- Cleaning Scam: Scammers may offer to clean and sanitize homes of seniors by going door-to-door or requiring prepayment over the phone. However, upon entering their home, they might harm the individuals, steal items, or steal personal and financial information.
- Phishing Scam: Scammers may impersonate members of reputable government health organizations like the CDC (Centers for Disease Control) and WHO (World Health Organization) or private institutions through phone calls or emails. They might be trying to sell cures, vaccines, or unproven treatment for COVID-19 using verbiage such as “just announced”, “FDA approved”, and “pre-market”. They also might claim the senior is “pre-qualified to receive money from the virus outbreak” asking for their social security number and other identifying and financial information.
- App Scam: Scammers may create mobile apps that are advertised to keep track of the
spread of COVID-19 virus, but the app will actually download personal
- Investment Scam: Scammers may offer online promotions for products or services that can detect, cure, or prevent COVID-19 telling seniors to invest in the stocks of these companies claiming they are “immune” from the potential stock market crash.
- Charity/Donation Scam: Scammers will ask seniors to donate money to fake charities.
They will offer to distribute valuable resources like medical supplies to those in need or to help support a fake company that is searching for products that prevent, detect, or cure
- Counterfeit Scam: Scammers will sell counterfeit items like sanitizing products, N95
respirator masks, and any other supply that are in high demand, but just pocket the money.
Here is how you can protect yourself:
- Hang up on robocalls. The recording might prompt you to speak to a live operator or offer to remove you from their call list but instead will bombard you with more robocalls
- Fact-check information. Scammers, and sometimes well-meaning people, share information that hasn’t been verified. Before you pass on any messages, contact trusted sources. Visit What the U.S. Government is Doing for links to federal, state and local government agencies.
- Know who you’re buying from. Online sellers may claim to have in-demand products, like cleaning, household, and health and medical supplies when, in fact, they don’t. When shopping for necessary items like groceries, seek help from trusted businesses offering free delivery or ask a friend or family member.
- Don’t respond to texts and emails about checks from the government. The details are still being worked out. Anyone who tells you they can get you the money now is a scammer.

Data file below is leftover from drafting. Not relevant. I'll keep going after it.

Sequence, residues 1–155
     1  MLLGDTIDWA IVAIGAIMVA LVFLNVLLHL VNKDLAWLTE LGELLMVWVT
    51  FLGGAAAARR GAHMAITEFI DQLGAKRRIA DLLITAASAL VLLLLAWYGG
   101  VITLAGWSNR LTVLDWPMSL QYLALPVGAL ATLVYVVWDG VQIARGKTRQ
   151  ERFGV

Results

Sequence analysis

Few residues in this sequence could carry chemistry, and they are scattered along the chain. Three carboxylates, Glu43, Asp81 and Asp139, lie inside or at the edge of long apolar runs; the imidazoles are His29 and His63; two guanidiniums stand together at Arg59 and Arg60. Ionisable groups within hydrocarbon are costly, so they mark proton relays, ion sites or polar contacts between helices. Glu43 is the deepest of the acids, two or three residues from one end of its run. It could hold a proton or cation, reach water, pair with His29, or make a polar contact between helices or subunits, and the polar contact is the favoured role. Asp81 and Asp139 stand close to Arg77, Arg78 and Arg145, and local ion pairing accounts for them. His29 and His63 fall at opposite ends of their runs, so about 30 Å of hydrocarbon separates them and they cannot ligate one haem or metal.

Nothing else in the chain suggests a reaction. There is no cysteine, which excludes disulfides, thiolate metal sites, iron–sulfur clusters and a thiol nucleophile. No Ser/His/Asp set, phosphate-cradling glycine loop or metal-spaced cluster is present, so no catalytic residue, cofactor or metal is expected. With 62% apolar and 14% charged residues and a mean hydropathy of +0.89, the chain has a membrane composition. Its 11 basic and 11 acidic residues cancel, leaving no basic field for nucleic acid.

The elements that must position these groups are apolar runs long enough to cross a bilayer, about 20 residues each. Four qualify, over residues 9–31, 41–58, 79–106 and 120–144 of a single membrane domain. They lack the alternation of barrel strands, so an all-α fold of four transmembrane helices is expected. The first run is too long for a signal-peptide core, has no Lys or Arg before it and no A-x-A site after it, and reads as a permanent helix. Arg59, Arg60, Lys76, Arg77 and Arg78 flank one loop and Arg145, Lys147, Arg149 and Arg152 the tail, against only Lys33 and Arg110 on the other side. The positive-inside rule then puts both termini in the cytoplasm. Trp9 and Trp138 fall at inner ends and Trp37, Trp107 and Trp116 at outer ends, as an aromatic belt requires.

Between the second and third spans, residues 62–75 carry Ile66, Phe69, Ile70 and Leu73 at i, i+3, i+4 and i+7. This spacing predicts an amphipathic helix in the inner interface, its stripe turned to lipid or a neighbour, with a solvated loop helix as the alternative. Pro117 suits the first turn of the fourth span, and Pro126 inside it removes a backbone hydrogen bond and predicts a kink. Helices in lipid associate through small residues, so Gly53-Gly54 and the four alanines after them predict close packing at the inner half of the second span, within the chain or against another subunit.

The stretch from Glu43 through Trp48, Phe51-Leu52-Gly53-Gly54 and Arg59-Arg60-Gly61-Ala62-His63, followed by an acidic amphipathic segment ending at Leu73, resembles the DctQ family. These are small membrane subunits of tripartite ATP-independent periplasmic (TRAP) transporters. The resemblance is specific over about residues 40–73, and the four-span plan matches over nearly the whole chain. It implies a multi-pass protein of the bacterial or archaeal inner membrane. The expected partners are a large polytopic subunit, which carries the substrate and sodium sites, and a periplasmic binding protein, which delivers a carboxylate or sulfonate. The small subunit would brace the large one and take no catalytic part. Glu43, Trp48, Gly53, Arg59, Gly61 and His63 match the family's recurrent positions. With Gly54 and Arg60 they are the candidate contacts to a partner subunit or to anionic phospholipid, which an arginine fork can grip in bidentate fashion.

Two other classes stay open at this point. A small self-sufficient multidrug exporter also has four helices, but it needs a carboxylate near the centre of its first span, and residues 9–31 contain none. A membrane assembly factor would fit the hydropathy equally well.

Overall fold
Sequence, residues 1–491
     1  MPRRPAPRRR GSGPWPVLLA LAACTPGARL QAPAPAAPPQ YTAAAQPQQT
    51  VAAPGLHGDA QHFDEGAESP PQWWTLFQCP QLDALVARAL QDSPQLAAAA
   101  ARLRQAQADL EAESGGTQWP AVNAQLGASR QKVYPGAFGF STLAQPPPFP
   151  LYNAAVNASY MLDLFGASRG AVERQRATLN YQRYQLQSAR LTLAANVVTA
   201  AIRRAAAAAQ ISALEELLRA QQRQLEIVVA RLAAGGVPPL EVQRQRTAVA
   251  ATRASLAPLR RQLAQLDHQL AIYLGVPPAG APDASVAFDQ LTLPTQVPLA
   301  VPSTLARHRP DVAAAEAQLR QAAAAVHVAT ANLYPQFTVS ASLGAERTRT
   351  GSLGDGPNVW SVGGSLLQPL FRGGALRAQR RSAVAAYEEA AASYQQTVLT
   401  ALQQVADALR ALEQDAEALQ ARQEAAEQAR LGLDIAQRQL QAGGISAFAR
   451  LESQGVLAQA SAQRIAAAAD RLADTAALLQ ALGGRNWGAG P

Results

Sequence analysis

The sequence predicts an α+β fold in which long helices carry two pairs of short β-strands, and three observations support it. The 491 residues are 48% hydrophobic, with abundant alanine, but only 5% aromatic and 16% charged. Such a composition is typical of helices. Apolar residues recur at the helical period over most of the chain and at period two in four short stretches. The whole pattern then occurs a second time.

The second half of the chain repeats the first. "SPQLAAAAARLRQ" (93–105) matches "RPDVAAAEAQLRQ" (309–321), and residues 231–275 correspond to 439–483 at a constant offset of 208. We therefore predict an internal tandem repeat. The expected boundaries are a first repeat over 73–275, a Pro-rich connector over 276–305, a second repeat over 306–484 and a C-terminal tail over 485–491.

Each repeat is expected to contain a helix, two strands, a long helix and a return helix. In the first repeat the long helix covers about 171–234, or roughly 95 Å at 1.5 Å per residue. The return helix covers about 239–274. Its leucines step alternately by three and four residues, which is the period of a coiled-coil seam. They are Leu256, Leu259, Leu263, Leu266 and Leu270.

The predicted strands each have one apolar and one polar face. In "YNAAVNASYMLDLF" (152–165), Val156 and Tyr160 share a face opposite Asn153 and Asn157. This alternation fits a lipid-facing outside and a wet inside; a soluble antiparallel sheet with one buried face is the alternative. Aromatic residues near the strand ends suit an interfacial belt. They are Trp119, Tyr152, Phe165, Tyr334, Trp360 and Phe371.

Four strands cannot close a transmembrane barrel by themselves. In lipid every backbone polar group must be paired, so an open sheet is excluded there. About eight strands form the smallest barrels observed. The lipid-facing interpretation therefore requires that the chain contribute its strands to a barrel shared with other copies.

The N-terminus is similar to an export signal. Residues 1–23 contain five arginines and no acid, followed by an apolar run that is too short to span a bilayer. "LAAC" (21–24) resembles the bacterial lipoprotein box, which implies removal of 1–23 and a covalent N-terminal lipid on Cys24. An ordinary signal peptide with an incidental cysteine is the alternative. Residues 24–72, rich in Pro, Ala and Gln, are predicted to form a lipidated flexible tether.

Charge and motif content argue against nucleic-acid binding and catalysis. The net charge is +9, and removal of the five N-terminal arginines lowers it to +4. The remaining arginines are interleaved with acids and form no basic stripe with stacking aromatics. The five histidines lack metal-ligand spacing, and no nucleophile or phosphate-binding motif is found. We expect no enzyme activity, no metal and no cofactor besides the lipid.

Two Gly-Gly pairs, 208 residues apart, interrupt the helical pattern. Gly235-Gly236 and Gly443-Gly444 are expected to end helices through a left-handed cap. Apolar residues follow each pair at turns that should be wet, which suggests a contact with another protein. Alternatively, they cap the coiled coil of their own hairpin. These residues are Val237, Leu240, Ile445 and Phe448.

- Don’t click on links from sources you don’t know. They could download viruses onto your computer or device.
- Watch for emails claiming to be from the Centers for Disease Control and Prevention (CDC) or experts saying they have information about the virus. For the most up-to-date information about the Coronavirus, visit the Centers for Disease Control and Prevention (CDC) and the World Health Organization (WHO).
- Do your homework when it comes to donations, whether through charities or crowdfunding sites. Don’t let anyone rush you into making a donation. If someone wants donations in cash, by gift card, or by wiring money, don’t do it.
These same best practices apply to any Alzheimer’s disease related products or Medicare fraud.
“Medicare now covers the complete costs of COVID-19 tests and the Centers for Medicare and Medicaid Services (CMS) has also just issued new guidance for Medicare Advantage and prescription drug plans regarding flexibilities to increase access to treatment and obligations of coverage when a state has formally declared an emergency. They also updated their guidance for nursing home visitations, and issued guidance for dialysis centers, home health agencies, hospice agencies and more. If you have questions or complications arise regarding coverage for any COVID-19 related treatments or tests, call your local Health Insurance Counseling and Advocacy Program (HICAP). If you come across a COVID-19 phone scam or other kind of scam, hang up and report it to our California Senior Medicare Patrol at 1-855-613-7080.”